“When even a 2% annual return starts to look incredibly attractive, it's clear that there's very little meat on the bones,” Greenspan said.

‘An industrial revolution’

As well as declining client activity and poor market conditions, big banks also face increased competition.

“Margins have been squeezed by the electronification of trading and competition from non-bank players,” Peace told Yahoo Finance UK.

Like every other industry over the last decade, technology has transformed finance. Electronic trading has made it easier for people to trade stocks on their computer without going through a broker.

The growth of financial technology startups, such as Jack Dorsey's, pictured, Square, has increased competition in the sector. Photo: REUTERS/Lucas Jackson

The boom in fintech —financial technology— has also created a raft of specialised players doing everything from small business loans to money transfer to current accounts.

Post-financial crisis regulation intended to stop another spectacular blowup has made it more expensive for banks to do business, meaning these fintechs can often undercut them on price.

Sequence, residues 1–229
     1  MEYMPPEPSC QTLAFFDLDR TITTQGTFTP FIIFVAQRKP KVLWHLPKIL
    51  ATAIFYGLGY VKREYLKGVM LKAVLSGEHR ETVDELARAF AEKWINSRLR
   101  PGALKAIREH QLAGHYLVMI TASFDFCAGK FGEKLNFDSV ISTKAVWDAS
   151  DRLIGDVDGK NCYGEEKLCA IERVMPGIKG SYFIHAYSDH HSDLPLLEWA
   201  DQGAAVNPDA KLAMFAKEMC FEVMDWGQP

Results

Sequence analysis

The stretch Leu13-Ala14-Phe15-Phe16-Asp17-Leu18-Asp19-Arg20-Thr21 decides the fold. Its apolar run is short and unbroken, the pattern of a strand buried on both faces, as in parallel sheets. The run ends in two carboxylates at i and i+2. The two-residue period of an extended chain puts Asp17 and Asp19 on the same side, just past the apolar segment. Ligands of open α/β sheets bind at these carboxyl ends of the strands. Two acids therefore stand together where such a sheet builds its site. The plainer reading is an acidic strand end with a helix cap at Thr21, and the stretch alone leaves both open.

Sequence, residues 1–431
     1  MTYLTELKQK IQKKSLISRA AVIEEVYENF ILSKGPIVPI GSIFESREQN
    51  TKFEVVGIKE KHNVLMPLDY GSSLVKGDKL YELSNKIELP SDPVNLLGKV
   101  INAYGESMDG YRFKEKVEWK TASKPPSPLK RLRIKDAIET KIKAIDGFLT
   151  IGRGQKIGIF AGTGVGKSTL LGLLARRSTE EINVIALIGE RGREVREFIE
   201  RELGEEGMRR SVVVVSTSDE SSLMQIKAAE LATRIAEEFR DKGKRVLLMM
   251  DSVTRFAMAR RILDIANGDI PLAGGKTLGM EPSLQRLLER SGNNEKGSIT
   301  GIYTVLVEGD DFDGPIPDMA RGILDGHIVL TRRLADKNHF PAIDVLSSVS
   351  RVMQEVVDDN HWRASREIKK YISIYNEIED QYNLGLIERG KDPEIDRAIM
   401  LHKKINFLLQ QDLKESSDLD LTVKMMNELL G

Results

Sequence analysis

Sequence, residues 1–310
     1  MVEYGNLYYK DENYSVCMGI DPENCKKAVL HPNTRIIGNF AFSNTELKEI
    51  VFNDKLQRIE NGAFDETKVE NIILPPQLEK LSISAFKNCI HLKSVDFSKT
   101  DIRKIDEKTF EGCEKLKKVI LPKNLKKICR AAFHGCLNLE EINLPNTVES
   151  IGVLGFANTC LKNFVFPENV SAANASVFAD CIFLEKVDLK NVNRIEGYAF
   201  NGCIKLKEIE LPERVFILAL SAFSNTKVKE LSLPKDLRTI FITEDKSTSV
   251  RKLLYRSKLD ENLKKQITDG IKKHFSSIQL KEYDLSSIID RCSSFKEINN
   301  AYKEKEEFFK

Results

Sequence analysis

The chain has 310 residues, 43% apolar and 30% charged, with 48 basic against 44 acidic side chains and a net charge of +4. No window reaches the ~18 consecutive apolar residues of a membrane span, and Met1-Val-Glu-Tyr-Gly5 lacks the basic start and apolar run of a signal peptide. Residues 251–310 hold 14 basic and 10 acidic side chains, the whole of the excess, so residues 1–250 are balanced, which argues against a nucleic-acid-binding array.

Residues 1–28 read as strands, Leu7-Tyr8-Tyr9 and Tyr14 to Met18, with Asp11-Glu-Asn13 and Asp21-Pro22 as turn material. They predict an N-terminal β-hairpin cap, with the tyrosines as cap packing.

READ MORE: Societe Generale cutting 1,600 investment banking jobs in London, Paris, and New York

UBS’ Napier said in a recent not “global banking is undergoing something of an industrial revolution.”

“As regulators work to lower barriers to entry in many parts of the world – issuing digital banking licences, opening up third party access to customer data through Open Banking and other similar initiatives – the cost of technology for start-ups is collapsing, customers are becoming increasingly comfortable with digital self-service, and big tech and other firms are increasingly active in financial services,” he and his team wrote.

Fall in jobs